US soldier arrested in Mexico says he accidentally drove across the border with guns

CIUDAD JUAREZ, Mexico – A U.S. soldier being held by Mexican authorities said he accidentally drove across the border with guns, knives and ammunition while looking for a place to park.

Spc. Richard R. Medina Torres said that after a long night of driving, he had wanted to park in El Paso, Texas, and walk across the border to Ciudad Juarez for breakfast Monday, but ended up steering his 1999 Honda Prelude off Interstate 10, over an international bridge and into Mexico.

“It was just an accident, I didn’t mean to drive over here,” a teary-eyed Torres said Tuesday afternoon, standing in a hallway of the Mexican federal building where he has been jailed since Monday morning.

Torres, 25, an Iraq war veteran on his way from Fort Hood, Texas, to his mother’s house in Fresno, Calif., said he ended up at the border after misunderstanding an El Paso gas station attendant’s directions.

“When I saw where I was, I started asking people at the front gate, ‘Where can I turn around at?’” said Torres, who speaks no Spanish.

Mexican authorities said Tuesday that Torres stopped at the border to ask where he could park his car and was directed to make a U-turn to go back to the U.S. When he stopped again to ask federal authorities working nearby where to park, the agents started questioning him.

Torres said that when he was asked if he had drugs or guns, he immediately told Mexican officials he was traveling with an AR-15 assault rifle and a .45-caliber handgun. Both are his personal weapons; he said he intended to leave them and his car at his mother’s house before deploying to Honduras for a year.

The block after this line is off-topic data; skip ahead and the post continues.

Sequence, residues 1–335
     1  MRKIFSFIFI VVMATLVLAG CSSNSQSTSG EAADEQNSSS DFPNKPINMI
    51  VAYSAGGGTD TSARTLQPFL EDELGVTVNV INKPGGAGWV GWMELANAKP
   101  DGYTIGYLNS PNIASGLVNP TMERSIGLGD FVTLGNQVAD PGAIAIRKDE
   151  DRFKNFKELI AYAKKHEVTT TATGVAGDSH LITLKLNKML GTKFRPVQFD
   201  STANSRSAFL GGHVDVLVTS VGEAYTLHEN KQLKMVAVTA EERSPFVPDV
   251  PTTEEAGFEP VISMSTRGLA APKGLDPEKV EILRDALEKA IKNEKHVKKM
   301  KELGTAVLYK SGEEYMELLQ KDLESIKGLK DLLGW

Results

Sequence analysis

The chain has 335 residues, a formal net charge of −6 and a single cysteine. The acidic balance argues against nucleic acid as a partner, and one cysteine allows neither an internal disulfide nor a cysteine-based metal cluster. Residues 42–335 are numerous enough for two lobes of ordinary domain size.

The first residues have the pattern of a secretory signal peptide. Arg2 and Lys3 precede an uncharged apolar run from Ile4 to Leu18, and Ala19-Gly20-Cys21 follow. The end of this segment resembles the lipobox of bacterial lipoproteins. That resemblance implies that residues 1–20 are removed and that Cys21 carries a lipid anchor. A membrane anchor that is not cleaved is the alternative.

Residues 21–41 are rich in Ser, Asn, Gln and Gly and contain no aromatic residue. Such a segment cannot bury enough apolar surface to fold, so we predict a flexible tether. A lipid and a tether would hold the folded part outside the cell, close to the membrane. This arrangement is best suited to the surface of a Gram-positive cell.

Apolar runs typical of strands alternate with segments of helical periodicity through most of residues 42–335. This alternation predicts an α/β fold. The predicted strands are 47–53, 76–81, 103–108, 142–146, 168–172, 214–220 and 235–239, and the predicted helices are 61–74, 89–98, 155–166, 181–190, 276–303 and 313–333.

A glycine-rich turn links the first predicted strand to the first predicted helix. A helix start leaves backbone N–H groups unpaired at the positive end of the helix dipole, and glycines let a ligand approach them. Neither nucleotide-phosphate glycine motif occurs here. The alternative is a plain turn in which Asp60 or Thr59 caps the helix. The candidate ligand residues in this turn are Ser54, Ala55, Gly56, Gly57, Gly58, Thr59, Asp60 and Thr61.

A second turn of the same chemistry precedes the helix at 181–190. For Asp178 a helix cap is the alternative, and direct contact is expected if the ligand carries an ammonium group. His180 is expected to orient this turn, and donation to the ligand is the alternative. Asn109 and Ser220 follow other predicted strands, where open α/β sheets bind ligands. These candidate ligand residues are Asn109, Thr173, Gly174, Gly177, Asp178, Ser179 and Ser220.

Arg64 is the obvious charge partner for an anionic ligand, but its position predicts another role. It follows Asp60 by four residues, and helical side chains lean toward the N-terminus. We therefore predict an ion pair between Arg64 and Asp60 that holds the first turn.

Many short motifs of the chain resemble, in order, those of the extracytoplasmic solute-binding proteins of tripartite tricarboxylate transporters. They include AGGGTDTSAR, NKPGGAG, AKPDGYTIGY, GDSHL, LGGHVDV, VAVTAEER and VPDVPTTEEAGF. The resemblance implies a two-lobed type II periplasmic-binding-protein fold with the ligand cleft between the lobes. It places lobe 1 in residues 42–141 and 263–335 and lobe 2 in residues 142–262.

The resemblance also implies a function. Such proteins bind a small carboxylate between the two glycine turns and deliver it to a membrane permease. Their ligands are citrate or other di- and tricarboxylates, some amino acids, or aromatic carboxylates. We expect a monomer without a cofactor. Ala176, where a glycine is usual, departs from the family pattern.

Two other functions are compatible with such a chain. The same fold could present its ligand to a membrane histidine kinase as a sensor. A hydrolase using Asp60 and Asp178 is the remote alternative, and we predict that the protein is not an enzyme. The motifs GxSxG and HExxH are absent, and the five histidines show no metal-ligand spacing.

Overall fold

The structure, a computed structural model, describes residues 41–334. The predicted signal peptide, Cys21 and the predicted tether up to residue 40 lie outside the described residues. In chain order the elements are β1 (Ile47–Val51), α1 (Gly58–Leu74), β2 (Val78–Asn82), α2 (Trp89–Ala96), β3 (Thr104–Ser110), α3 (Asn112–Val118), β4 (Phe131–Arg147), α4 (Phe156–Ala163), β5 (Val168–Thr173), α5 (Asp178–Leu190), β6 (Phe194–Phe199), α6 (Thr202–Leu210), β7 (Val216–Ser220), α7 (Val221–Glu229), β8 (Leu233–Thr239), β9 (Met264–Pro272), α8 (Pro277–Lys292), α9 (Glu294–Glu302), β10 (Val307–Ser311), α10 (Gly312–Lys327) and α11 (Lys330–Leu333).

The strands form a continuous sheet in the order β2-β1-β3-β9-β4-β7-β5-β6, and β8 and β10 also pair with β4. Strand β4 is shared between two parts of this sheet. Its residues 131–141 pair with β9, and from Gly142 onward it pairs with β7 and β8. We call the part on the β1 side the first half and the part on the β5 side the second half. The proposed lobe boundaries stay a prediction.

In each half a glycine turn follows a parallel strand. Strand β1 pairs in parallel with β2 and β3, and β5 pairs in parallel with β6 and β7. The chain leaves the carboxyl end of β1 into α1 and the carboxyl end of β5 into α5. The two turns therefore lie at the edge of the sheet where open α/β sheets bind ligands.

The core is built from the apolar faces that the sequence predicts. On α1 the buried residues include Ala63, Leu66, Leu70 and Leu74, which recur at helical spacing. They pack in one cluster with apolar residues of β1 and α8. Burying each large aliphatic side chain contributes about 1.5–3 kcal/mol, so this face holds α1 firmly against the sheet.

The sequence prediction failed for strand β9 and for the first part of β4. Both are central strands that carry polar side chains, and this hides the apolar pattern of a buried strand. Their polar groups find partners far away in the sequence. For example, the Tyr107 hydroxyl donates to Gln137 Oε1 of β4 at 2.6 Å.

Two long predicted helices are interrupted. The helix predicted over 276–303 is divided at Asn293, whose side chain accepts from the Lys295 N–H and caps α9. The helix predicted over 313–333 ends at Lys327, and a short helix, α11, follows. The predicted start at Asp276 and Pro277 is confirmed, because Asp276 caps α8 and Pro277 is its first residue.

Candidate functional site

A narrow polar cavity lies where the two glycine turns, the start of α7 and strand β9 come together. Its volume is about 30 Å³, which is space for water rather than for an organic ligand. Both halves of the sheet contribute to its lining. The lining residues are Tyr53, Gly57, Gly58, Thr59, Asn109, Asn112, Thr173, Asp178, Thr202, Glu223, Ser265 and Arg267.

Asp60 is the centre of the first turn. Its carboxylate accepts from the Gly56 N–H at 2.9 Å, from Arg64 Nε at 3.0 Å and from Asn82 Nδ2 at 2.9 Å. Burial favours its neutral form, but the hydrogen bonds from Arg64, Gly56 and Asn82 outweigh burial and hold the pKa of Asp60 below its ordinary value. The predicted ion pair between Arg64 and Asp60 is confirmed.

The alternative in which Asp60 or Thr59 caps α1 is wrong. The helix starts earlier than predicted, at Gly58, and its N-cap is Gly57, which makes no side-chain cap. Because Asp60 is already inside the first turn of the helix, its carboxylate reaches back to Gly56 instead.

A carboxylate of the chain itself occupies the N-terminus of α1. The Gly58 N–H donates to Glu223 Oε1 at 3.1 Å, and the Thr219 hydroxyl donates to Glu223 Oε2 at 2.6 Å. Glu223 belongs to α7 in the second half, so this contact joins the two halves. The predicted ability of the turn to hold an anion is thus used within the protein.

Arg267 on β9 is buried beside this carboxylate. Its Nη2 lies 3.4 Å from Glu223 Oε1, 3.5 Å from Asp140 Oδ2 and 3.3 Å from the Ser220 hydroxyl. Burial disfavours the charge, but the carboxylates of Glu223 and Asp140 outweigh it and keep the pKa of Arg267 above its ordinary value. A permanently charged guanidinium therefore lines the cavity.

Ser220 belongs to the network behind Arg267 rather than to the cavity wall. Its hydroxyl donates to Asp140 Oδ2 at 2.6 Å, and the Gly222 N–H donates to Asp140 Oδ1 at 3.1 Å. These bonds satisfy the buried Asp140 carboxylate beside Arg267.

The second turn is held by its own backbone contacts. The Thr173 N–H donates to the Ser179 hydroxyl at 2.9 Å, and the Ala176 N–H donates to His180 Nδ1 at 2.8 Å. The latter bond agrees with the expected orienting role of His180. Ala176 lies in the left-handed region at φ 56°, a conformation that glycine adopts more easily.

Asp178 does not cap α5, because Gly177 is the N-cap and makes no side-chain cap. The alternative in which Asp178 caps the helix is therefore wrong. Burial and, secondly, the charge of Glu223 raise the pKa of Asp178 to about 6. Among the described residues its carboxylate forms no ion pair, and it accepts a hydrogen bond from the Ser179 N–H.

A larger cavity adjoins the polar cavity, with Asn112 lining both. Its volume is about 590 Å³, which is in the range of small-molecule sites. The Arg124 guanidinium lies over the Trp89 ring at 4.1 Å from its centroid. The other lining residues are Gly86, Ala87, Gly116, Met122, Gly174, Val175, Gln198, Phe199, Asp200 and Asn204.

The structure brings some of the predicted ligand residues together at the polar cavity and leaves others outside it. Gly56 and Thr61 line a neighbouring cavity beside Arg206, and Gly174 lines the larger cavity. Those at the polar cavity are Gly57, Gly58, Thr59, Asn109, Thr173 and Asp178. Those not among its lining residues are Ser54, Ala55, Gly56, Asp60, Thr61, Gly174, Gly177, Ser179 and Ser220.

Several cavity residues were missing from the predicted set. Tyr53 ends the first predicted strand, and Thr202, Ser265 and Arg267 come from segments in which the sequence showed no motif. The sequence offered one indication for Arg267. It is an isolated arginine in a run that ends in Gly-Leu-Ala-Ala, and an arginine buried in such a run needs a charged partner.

After searching his car, Mexican authorities took Torres into custody and began questioning him, he said. He has not been charged with a crime.

It is illegal to bring guns or ammunition and some types of knives into Mexico and weapons offenses can result in lengthy prison sentences. Torres also had 171 rounds of ammunition and three knives.

Roads leading to the border are dotted with clearly marked signs directing drivers to Mexico and warning against bringing guns or ammunition across the border. Torres said he wasn’t paying attention to the signs, instead focusing his attention on looking for a parking lot.

Juarez has been gripped by violence in the last several months as dueling drug cartels have apparently been in a bloody battle for control of the hardscrabble city. In the last several weeks, Mexican federal agents and soldiers have been posted in the city in an attempt to quell the violence.

Torres said he was being treated well. When he wasn’t being questioned or speaking with U.S. consular officials he was being kept in a small, private cell with a bed, shower and toilet.

He said he’s met with a lawyer and hopes to see a judge in the next few days.